Economic inequality is on the rise. Corporate “shareholder primacy” means that the vast majority of today’s record corporate profits are used to increase the wealth of shareholders, through dividends and stock buybacks.[1] Meanwhile, real wages for non-executive workers have essentially remained stagnant for decades. Increasing worker bargaining power in the 21st century is necessary, and

Each Saturday, a Roosevelt staff member will share 3-5 articles that they consider must-reads. This week, Roosevelt Fellow Rakeen Mabud is reading a WaPo story on how women are transforming organized labor and a New York Times op-ed that shows how “racism eats wealth for breakfast.” Rakeen also shares the latest from The Nation’s Bryce

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This blog post is based off of remarks given at “Wall Street and the Next Recession: Protecting Main Street in the Next Economic Downturn,” an event co-sponsored by Americans for Financial Reform and the Center for Popular Democracy at the US Senate. One thing is certain about markets: they go up and they go down.

Workers are increasingly powerless in today’s economy. The decades-long assault on the voice and agency of American workers continues to erode their position under employers: Declining unionization rates, the proliferation of noncompete and arbitration clauses, and outsized employer power plague labor markets today. Additionally, an increasingly fissured workplace is yet one more challenge our most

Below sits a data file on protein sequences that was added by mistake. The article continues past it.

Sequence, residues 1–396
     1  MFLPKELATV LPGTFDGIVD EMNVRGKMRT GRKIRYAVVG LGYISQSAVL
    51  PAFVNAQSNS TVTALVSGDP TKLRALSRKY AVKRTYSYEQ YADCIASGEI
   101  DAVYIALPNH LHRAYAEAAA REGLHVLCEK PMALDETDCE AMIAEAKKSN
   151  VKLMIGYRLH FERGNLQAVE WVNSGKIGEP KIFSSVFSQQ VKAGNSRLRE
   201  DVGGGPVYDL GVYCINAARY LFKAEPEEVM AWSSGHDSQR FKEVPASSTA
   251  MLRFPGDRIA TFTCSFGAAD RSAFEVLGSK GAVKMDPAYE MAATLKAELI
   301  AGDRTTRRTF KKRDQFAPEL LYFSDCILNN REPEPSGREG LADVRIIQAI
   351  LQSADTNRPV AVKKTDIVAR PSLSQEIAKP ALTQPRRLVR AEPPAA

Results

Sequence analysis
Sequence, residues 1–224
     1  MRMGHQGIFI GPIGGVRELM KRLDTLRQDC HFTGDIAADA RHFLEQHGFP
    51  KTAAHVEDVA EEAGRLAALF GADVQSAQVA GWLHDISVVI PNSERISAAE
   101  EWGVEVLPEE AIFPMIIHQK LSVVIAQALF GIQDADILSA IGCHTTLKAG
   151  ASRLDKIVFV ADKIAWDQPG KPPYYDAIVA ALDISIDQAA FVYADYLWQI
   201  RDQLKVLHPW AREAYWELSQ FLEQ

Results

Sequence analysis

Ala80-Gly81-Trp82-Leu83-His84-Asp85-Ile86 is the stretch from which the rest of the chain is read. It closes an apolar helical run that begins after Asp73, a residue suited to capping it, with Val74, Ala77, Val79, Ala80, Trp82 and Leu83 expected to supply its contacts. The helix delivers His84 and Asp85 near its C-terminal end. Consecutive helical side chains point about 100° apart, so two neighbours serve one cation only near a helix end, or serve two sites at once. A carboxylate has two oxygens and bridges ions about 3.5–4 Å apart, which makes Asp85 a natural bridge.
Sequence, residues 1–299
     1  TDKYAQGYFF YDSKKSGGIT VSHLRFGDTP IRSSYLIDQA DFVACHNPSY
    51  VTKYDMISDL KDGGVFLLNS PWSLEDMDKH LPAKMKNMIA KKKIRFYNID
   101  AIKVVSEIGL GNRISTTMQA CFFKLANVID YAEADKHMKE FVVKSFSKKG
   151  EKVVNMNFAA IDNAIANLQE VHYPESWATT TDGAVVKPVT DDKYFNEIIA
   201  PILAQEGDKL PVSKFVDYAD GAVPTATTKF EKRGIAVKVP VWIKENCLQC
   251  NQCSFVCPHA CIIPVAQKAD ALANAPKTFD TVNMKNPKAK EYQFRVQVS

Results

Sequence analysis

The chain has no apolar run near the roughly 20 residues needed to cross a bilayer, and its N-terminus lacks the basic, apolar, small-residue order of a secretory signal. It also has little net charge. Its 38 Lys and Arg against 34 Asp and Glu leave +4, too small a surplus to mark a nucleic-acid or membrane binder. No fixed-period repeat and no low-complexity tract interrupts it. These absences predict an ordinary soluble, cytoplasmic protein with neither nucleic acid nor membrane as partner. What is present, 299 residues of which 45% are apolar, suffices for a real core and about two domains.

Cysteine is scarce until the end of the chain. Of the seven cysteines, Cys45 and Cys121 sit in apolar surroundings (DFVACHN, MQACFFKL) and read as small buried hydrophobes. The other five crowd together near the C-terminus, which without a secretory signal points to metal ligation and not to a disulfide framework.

Every year during Women’s History Month, we celebrate the strides that women have made throughout history. In the fight for dignity and equity on the job, the government played a crucial—albeit imperfect—role in ensuring that women today are better off than their sisters of past generations. Yet, workplace equality remains out of reach for many.

For nearly half of a century, America’s public corporations have been driven by a shareholder primacy approach to corporate governance, increasingly prioritizing shareholder payments over other, more productive uses of corporate resources. Over the same period, employee bargaining power has decreased and wages for nonexecutive workers have remained flat across sectors. In Ending Shareholder Primacy in Corporate Governance,

Recently, The New York Times published a report about women who, while working in physically demanding jobs, lost their pregnancies after requests for less-strenuous assignments were denied. The profile is a tragic example of the steep toll levied on women, and particularly women of color, who face economic and social rules that are rigged against

FOR IMMEDIATE RELEASE: October 4, 2018 CONTACT: Mariam Ahmed, mariam.ahmed@berlinrosen.com   THE CALL TO REPLACE SHAREHOLDER PRIMACY: RESHAPING CORPORATE LAW TO PROMOTE WORKERS’ INTERESTS, A BETTER ECONOMY Roosevelt Institute brief calls for decentering shareholders in corporate decision-making NEW YORK, NY  – The Roosevelt Institute today released a new issue brief, Towards ‘Accountable Capitalism’: Remaking Corporate

In Left Behind: Snapshots from the 21st Century Labor Market, Roosevelt Program Director Rakeen Mabud and Program Associate Jess Forden explore today’s changing economy and the future of work through the lens of six occupations: carework, food service, manufacturing, mining, nursing, and trucking. Despite a seemingly robust and healthy economy, as indicated by headline measures

FOR IMMEDIATE RELEASE: October 3, 2018 CONTACT: Mariam Ahmed, mariam.ahmed@berlinrosen.com   UNPACKING THE “FUTURE OF WORK”: ROOSEVELT INSTITUTE PANEL, NEW REPORT HIGHLIGHT CHALLENGES FOR 21ST CENTURY WORKERS New report and speakers from Roosevelt Institute, Economic Security Project, National Women’s Law Center, and Restaurant Opportunities Centers United explore workers’ economic insecurity   WASHINGTON, DC – Amid